A recent study finds that outbreaks of Valley fever have a wider geographic distribution than previously thought.
A recent study has shown that outbreaks of Valley fever have a wider geographic distribution than once thought.
Michael Freedman, MD, from the Children’s Hospital of Pittsburgh, Pennsylvania, and colleagues, analyzed data from 47 Valley fever outbreaks and published the results of their study online in the March 2018 issue of Emerging Infectious Diseases, the Centers for Disease Control and Prevention’s (CDC) monthly peer-reviewed public health journal.
“Most (85%) outbreaks were associated with environmental exposures,” the authors write, and “more than one-third of outbreaks occurred in areas where the fungus was not previously known to be endemic.”
Valley fever, or coccidioidomycosis, is caused by a fungus of the genus Coccidioides. Spores of the fungus are found in the soil in the southwestern United States, south-central Washington, and parts of Mexico and Central and South America.
Individuals become infected by inhaling fungal spores which are stirred into the air by winds or any activities that disrupt the soil. Not everyone who inhales the spores develops Valley fever, but those who do typically have an influenza-like syndrome with cough, shortness of breath, fever, and fatigue.
The disease is reportable in some states, with approximately 10,000 cases reported in the United States each year. However, Valley fever is considered to be largely underdiagnosed, and its epidemiology remains poorly understood.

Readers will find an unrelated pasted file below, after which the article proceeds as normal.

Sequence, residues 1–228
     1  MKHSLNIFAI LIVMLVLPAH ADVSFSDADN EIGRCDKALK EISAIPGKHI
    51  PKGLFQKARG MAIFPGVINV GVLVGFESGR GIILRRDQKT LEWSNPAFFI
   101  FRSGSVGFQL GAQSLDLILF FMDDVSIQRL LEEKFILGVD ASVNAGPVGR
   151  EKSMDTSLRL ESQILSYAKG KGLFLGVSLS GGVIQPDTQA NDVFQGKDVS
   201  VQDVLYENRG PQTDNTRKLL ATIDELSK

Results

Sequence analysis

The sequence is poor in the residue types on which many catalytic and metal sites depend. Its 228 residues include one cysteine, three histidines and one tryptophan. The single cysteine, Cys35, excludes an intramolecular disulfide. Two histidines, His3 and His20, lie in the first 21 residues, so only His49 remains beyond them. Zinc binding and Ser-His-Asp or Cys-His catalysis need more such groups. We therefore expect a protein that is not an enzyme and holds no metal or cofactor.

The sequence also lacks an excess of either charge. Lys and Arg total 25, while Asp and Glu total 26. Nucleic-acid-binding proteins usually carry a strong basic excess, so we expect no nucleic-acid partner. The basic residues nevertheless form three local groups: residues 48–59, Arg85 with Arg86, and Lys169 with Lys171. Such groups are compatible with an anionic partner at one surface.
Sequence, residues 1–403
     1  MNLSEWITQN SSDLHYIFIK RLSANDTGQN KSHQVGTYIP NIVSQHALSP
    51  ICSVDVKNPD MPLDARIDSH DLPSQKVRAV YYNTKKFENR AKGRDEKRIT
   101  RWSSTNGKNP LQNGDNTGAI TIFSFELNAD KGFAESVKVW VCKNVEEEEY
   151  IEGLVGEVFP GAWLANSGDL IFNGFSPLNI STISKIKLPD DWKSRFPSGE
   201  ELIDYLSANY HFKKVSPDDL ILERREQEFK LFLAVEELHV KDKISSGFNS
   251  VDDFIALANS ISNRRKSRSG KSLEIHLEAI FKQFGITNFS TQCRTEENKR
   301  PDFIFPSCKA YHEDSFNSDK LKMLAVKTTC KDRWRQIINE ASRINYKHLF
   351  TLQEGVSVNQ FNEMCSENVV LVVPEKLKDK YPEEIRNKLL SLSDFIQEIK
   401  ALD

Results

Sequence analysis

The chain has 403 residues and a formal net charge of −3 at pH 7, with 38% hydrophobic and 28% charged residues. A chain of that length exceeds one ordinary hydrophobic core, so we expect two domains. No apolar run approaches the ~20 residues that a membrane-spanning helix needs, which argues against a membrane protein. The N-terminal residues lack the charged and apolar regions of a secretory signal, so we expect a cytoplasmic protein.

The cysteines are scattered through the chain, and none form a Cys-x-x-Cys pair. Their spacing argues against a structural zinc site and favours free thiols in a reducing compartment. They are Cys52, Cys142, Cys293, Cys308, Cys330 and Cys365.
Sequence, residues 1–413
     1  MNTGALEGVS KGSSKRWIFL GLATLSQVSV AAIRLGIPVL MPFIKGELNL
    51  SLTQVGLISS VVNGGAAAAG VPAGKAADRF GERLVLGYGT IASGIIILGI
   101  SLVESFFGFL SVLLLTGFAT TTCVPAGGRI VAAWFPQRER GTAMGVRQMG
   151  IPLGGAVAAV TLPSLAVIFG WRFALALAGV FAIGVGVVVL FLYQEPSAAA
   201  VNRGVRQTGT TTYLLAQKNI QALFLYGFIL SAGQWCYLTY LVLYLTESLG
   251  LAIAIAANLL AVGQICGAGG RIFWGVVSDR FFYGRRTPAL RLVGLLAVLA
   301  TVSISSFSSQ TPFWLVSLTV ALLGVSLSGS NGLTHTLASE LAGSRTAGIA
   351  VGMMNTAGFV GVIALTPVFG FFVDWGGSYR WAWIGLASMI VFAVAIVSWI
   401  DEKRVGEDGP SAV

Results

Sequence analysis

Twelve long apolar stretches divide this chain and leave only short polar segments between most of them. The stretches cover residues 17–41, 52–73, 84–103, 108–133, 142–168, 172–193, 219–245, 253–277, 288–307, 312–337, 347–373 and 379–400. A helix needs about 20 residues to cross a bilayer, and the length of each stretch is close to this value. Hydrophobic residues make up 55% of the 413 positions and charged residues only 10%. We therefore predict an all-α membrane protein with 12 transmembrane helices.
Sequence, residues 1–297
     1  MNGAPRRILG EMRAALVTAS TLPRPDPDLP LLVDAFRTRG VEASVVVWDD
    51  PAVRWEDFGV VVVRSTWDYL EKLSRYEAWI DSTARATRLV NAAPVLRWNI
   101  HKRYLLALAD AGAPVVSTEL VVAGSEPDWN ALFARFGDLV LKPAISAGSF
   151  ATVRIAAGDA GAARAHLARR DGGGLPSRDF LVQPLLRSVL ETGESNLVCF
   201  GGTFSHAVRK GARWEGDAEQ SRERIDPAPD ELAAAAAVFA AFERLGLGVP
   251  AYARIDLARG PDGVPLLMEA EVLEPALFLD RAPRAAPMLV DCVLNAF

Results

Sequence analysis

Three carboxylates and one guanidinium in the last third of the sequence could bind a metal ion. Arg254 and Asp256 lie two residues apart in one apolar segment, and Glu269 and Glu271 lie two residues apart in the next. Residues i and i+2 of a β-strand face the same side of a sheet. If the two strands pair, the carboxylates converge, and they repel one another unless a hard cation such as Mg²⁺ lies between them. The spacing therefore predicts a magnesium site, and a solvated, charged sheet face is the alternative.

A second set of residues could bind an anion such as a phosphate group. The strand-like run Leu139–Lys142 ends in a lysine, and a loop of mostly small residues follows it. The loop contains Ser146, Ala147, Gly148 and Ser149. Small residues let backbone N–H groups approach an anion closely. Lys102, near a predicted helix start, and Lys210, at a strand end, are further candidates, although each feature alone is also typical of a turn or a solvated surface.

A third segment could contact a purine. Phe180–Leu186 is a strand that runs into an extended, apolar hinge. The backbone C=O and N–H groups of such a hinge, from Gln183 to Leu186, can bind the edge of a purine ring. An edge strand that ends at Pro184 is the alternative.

In an effort to identify common features and prevention opportunities, Dr. Freedman and colleagues reviewed 47 Valley fever outbreaks worldwide that resulted in 1,464 cases from 1940 to 2015.
They found that 40 (85%) of the outbreaks were associated with environmental exposures, and 33 (83%) of these occurred in the United States. The 2 largest outbreaks accounted for 592 (40%) of cases and occurred in California after an earthquake and a large dust storm.
The remaining 7 outbreaks were associated with nonenvironmental exposures; four of these were related to laboratory exposures, and 2 were health care related (one outbreak was nosocomial, and one occurred through organ transplantation).
Interestingly, almost one-third of all outbreaks (n=12; 32%) occurred in new areas in Arizona, California, Texas, Utah, and Brazil where coccidioidomycosis was not previously known to be endemic. And 4 (11%) outbreaks confirmed suspicions of endemicity in certain areas of Arizona and California.
More than half (n=25; 53%) of outbreaks involved occupational exposures, the authors say: 11 of these were linked to the military, 7 were linked with construction, and 7 to archeology and other field studies.
Although the researchers acknowledge that their findings are limited by the fact that many outbreaks are not recognized, not reported, not investigated, or not published, they stress the need to monitor the locations of Valley fever outbreaks and the conditions in which they occur.
“[I]ncreased attention to outbreak identification and tracking is worthwhile given the continued population growth in coccidioidomycosis-endemic areas, increased settlement at the wildland—urban interface, and the incompletely understood effects of intensifying climate change on Coccidioides,” they write. “Monitoring outbreaks could be critical in identifying new areas of endemicity and high-risk activities.”
Dr. Parry graduated from the University of Liverpool, England in 1997 and is a board-certified veterinary pathologist. After 13 years working in academia, she founded Midwest Veterinary Pathology, LLC where she now works as a private consultant. She is passionate about veterinary education and serves on the Indiana Veterinary Medical Association’s Continuing Education Committee. She regularly writes continuing education articles for veterinary organizations and journals and has also served on the American College of Veterinary Pathologists’ Examination Committee and Education Committee.